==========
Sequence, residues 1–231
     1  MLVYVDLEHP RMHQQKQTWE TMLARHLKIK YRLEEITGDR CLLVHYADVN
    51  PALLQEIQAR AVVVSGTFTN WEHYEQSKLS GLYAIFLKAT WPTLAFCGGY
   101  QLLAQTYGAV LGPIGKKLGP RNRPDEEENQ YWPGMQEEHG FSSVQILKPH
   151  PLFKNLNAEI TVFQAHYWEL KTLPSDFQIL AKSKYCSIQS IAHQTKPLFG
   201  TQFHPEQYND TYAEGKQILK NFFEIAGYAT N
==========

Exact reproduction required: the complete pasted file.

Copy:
Sequence, residues 1–231
     1  MLVYVDLEHP RMHQQKQTWE TMLARHLKIK YRLEEITGDR CLLVHYADVN
    51  PALLQEIQAR AVVVSGTFTN WEHYEQSKLS GLYAIFLKAT WPTLAFCGGY
   101  QLLAQTYGAV LGPIGKKLGP RNRPDEEENQ YWPGMQEEHG FSSVQILKPH
   151  PLFKNLNAEI TVFQAHYWEL KTLPSDFQIL AKSKYCSIQS IAHQTKPLFG
   201  TQFHPEQYND TYAEGKQILK NFFEIAGYAT N